The exact number of rice varieties in the world is not known, it is even believed to be 40,000, but it is certain that rice is the most widespread cereal in the world.

How to orient yourself therefore in choosing the rice you want to keep in your pantry?

The fundamental distinction between the various types of rice
is based on the size and structure of the grains.

Long grain rice:  slim grain with a length that is 3/5 times his width. When cooked, the grains are dry, well separated and fluffy. Extremely versatile and used especially in Chinese cuisine. In this group we can find the aromatic Indian Basmati, perfect for pilaf or to eat with curry, and the Thai Jasmine that is slightly more sticky.

Medium grain rice: most of the rice grown in Italy belongs to this quality. Some of them, with slightly smaller and viscous grains, are the most suitable for soups, timbales and croquettes. Others, with larger grains and a medium starch content, are the best ones for risotto, such as Arborio, Carnaroli and Vialone Nano.

Short grain rice: characterized by smaller grains and with a high starch content that makes it sticky, among its varieties we can find sushi rice but also Bomba, the Spanish rice used for paella (less sticky than Japanese rice, however it has a very high liquid absorption capacity).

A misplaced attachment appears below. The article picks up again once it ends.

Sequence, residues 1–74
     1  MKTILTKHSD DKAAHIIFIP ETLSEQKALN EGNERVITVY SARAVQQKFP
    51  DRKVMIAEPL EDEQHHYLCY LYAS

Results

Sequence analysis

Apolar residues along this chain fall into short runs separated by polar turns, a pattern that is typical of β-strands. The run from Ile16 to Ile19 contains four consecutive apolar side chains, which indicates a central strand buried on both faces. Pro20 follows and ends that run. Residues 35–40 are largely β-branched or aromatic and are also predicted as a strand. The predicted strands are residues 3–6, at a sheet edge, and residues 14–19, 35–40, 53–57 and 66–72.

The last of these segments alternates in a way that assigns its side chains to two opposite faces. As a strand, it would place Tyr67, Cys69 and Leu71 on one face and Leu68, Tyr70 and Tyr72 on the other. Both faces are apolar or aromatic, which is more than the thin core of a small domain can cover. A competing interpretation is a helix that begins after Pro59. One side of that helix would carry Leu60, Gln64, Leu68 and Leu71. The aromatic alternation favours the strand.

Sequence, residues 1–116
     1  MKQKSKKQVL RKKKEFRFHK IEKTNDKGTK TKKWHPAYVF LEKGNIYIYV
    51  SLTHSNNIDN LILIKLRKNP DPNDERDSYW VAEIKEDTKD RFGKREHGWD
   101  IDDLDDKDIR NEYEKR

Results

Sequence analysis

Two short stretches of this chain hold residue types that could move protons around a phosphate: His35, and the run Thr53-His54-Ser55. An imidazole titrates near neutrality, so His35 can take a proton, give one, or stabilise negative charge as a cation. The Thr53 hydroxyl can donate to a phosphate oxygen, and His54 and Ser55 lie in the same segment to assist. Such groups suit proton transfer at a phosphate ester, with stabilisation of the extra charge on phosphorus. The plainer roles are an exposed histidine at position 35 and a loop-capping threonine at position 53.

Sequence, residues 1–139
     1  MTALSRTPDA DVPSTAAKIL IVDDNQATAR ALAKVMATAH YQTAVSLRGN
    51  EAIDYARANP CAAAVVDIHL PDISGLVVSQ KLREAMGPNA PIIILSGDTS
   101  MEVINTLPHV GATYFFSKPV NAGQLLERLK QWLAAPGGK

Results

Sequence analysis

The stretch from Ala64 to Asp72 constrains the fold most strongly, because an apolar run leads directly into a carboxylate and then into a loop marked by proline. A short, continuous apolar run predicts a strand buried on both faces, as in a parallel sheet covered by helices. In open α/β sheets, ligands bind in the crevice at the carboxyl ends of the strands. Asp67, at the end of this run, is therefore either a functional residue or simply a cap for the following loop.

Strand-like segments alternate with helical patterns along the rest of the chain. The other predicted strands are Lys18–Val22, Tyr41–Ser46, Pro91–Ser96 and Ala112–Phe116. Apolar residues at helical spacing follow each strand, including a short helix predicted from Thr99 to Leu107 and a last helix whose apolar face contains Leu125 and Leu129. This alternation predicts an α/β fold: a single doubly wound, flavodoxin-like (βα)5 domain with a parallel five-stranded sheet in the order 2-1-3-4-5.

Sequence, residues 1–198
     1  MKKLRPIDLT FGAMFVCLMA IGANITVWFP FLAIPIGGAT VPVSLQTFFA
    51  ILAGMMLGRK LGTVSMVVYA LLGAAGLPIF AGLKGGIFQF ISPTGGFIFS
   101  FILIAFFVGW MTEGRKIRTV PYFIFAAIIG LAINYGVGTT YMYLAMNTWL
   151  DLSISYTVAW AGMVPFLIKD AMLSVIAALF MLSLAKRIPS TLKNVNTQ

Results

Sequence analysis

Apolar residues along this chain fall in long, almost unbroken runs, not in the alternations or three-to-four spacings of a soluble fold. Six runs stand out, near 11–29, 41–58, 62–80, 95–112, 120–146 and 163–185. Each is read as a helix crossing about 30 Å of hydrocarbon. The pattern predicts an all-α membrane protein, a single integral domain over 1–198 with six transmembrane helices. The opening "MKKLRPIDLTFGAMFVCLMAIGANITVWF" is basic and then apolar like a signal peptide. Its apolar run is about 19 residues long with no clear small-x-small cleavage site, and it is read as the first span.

Two different kinds of rice

But what is the rice you will find in my pantry?

Many qualities of Italian rice are not easily found here in England. You can still find, especially online, Carnaroli, Ribe, sometimes Vialone Nano, or you can also find Arborio rice quite easily in the supermarket.
I consider myself lucky, because Arborio is my favourite rice for a lot of recipes!
Perfect for risotto, thanks to the release of starch during cooking which creates a perfect creamy consistency, Arborio has an excellent cooking resistance, therefore it is also excellent for rice salads or for timbales, supplí and arancini.

Next to the Arborio in my pantry you can always find a long grain, generally Basmati, which I use as an accompaniment to stewed meat, fish or even for spicy salads with vegetables and cheeses.
There is also a brown long grain, which I love to sauté with some vegetables.
Finally, Venere rice deserves a separate mention, a black rice grown in Italy and born from a cross with an Asian black rice. During cooking it releases a characteristic smell of hazelnuts or freshly baked bread. Thanks to its texture it is excellent in salads or sautéed with vegetables, or as I like it with shrimp and seafood.


You can find everywhere a lot of kind of long grain rice, white or brown, Basmati, Thai Jasmine and so on.

Arborio rice is also found quite easily in all supermarkets, generally marketed under its own brand, sometimes even in the organic line (Waitrose, Tesco, Sainsbury’s, ASDA, Morrison).
Some of them also sell Carnaroli rice, such as Waitrose and Sainsbury’s.

Lastly, you can find a good choice of Italian rice, in particular Arborio, Carnaroli and Ribe, on the websites of Italian product retailers and as always both Delicatezza and NifeIsLife proved to be precious allies.

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